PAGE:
Women across the globe are taking a stand against c-section shaming after a graphic and honest post from a new mum in the US went viral.
Raye Lee, a professional fire juggler from Missouri, published a Facebook post challenging people who believed that her emergency c-section, for medical reasons, didn’t count as ‘actually given birth’.
“Ah, yes. My emergency c-section was absolutely a matter of convenience. It was really convenient to be in labour for 38 hours before my baby went into distress and then every contraction was literally STOPPING his HEART,” Raye says in her post.
“This was the most painful thing I have experienced in my life. I now belong to a badass tribe of mamas with the scar to prove that I had a baby cut out of me and lived to tell the tale.”
She on to describe in graphic detail what it was like to have ‘a shrieking infant pulled out of an incision that is only 5 inches long’ while she was lying on an operating table.
“When that first nurse asked you to try getting out of bed and the ripping pain of a body cut apart and stitched back together seared through you, you realised the irony of anybody who talks about it being the ‘easy way out’.
“I am the strongest woman that I know. Not only for myself, but for my beautiful son and I would honestly go through this every single day just to make sure I am able to see his smiling face.”
While many c-sections are emergencies, according to the Raising Children website the reasons for planning a caesarean are varied and include:
- There are multiple babies
- Baby is in breech (bottom first) or transverse (sideways) position.
- If the baby has a known illness or abnormality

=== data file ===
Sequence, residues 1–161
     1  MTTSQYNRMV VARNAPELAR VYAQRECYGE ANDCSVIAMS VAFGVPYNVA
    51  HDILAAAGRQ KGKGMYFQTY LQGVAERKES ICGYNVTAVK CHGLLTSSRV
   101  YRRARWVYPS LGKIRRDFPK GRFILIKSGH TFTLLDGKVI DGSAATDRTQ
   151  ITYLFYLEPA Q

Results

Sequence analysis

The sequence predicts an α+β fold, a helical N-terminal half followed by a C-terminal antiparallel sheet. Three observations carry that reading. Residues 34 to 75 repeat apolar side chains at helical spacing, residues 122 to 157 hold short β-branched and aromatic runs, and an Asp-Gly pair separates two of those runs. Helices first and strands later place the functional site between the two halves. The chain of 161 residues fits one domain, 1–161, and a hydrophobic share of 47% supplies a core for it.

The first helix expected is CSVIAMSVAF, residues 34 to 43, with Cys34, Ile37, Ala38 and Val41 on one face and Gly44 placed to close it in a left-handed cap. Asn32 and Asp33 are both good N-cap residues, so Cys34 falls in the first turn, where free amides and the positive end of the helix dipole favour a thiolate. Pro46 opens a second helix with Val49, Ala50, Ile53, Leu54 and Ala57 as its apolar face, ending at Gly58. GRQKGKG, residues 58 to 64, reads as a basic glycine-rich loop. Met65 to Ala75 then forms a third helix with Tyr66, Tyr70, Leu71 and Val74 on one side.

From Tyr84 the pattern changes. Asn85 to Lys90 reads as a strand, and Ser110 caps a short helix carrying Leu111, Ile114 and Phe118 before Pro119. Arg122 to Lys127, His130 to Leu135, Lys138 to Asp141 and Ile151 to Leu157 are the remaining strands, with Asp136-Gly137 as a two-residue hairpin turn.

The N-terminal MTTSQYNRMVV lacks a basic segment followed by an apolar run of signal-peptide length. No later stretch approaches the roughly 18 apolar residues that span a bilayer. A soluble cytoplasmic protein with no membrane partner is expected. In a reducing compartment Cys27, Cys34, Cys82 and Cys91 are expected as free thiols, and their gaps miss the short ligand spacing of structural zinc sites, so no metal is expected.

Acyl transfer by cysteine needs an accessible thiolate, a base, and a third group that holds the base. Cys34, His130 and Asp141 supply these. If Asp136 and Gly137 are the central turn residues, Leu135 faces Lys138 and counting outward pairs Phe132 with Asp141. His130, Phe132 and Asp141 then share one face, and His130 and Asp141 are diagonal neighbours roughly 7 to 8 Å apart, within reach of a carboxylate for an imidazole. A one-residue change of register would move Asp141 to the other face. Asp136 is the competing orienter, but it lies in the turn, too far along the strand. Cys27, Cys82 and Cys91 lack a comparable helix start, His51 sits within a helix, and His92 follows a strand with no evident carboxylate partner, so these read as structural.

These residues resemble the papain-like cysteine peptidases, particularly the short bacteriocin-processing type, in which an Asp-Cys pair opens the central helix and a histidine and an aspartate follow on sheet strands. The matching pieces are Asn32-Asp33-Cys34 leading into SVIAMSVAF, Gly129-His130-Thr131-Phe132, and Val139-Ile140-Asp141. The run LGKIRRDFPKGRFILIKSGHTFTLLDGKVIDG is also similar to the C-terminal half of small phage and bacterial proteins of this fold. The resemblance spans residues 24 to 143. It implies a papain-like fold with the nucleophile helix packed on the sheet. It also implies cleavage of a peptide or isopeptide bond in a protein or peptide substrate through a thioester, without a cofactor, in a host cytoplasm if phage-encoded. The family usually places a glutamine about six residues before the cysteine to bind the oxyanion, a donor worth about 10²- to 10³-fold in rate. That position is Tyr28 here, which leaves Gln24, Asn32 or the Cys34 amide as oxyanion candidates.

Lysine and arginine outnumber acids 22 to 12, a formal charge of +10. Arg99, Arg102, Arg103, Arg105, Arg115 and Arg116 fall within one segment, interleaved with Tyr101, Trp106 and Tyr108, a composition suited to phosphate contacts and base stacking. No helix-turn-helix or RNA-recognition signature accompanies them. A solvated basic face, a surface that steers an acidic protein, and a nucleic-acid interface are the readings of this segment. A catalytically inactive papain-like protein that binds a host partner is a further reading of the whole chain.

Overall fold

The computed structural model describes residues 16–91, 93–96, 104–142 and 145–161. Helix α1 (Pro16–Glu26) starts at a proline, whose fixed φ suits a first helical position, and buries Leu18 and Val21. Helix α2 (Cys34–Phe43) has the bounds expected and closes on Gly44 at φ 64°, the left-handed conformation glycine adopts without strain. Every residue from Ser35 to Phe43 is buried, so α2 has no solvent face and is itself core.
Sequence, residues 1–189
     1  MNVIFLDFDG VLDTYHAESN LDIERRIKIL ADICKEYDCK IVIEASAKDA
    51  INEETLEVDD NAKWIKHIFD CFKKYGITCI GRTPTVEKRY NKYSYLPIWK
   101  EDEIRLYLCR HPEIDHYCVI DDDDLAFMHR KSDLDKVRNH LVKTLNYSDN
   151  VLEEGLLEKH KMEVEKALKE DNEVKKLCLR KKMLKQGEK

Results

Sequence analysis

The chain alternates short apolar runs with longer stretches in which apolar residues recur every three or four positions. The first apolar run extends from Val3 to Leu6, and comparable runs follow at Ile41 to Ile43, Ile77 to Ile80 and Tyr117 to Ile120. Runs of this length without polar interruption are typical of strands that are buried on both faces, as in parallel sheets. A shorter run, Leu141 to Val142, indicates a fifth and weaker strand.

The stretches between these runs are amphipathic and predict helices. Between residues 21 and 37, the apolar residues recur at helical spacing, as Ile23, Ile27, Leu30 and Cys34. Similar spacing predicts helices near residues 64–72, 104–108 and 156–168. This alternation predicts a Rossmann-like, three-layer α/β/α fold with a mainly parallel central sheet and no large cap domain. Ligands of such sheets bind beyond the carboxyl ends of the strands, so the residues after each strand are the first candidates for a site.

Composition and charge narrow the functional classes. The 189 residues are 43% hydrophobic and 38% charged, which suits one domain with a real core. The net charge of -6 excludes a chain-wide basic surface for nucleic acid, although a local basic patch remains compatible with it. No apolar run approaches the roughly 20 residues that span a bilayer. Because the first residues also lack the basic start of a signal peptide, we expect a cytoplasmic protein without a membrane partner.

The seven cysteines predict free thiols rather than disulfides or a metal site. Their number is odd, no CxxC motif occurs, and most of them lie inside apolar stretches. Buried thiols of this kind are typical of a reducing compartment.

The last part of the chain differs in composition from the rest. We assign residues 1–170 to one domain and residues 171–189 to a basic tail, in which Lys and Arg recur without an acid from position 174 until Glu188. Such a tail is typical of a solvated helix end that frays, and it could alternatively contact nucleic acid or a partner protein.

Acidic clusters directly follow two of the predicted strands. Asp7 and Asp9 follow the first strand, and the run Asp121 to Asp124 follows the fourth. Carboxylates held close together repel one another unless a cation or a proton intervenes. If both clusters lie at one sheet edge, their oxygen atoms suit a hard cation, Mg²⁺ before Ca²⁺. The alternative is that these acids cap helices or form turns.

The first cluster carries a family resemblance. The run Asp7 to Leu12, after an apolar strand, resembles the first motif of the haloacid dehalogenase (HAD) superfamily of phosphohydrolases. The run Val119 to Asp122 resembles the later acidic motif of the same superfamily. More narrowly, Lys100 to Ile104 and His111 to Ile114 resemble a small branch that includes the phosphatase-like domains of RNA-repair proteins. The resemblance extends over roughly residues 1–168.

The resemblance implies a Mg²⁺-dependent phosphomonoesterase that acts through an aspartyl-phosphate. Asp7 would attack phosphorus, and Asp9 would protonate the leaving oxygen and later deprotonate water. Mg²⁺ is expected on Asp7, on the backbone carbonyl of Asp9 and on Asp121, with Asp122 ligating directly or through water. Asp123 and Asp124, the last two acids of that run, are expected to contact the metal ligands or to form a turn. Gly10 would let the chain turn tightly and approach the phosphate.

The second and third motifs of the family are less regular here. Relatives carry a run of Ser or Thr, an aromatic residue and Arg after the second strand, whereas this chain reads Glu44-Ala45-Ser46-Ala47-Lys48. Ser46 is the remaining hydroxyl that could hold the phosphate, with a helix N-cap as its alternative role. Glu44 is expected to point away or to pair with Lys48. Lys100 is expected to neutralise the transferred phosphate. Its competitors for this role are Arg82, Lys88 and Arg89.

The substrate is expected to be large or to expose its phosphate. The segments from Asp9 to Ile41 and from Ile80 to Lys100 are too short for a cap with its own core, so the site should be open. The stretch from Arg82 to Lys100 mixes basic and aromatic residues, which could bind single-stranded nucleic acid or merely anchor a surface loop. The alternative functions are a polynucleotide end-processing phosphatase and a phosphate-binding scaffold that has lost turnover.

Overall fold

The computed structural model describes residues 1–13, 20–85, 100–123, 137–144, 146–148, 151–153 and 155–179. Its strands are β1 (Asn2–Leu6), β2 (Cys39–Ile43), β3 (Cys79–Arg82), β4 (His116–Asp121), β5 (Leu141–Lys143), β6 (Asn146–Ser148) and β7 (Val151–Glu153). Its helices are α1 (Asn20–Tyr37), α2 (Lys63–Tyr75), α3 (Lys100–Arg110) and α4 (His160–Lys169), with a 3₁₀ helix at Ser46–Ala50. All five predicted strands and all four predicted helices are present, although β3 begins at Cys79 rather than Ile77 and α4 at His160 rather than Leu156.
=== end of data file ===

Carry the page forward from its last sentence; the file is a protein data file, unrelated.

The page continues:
- If your placenta is so low in the uterus that it blocks the baby’s exit for vaginal birth (placenta previa)
- You have an abruption placenta, this is when it has separated from the wall of the uterus and baby is in distress or danger
- You’ve had previous caesarean births
While we’re talking about c-sections, did you know there are actually two types?
From looking at your tummy you won’t be able to tell because the difference between them is where the cut is made on your uterus. And sometimes the cut on your tummy is different from the cut on your uterus.
Before you leave hospital, it’s a good idea to ask the obstetrician what kind of cut was made during your caesarean section.
The two types of caesarean
1. A lower segment caesarean section
This is the most common type where an obstetrician makes a horizontal cut across the lower part of the uterus, usually along your bikini line. Advantages of this type of caesarean section are that it heals well and there’s less chance that it will cause problems in other pregnancies.
2. The classical caesarean section
Not very common and is generally only used in very serious emergencies. In this procedure the obstetrician makes a vertical cut on the uterus. If your baby is very premature or lying sideways, or if your placenta is lying very low, you might need to have a classical caesarean section.
We know there are thousands of women in The Healthy Mummy community that have had caesareans and we just want to say ‘you rock’.
Please ignore all the people who try to make you feel like you haven’t had a real birth experience because your baby wasn’t delivered vaginally.
Their comments are a reflection of their ignorance, not of your awesomeness!
* Source: www.raisingchildren.net.au